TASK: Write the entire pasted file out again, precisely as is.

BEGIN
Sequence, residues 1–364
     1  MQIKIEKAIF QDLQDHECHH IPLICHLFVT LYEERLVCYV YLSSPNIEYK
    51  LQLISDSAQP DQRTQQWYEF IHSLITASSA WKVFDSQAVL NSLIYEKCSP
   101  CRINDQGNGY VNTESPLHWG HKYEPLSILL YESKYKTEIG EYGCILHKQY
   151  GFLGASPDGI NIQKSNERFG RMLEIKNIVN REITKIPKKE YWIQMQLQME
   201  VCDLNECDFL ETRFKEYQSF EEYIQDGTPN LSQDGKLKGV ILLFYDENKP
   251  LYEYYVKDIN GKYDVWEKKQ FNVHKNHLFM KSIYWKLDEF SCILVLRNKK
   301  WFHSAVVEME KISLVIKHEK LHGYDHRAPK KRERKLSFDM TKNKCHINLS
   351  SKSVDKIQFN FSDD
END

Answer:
Sequence, residues 1–364
     1  MQIKIEKAIF QDLQDHECHH IPLICHLFVT LYEERLVCYV YLSSPNIEYK
    51  LQLISDSAQP DQRTQQWYEF IHSLITASSA WKVFDSQAVL NSLIYEKCSP
   101  CRINDQGNGY VNTESPLHWG HKYEPLSILL YESKYKTEIG EYGCILHKQY
   151  GFLGASPDGI NIQKSNERFG RMLEIKNIVN REITKIPKKE YWIQMQLQME
   201  VCDLNECDFL ETRFKEYQSF EEYIQDGTPN LSQDGKLKGV ILLFYDENKP
   251  LYEYYVKDIN GKYDVWEKKQ FNVHKNHLFM KSIYWKLDEF SCILVLRNKK
   301  WFHSAVVEME KISLVIKHEK LHGYDHRAPK KRERKLSFDM TKNKCHINLS
   351  SKSVDKIQFN FSDD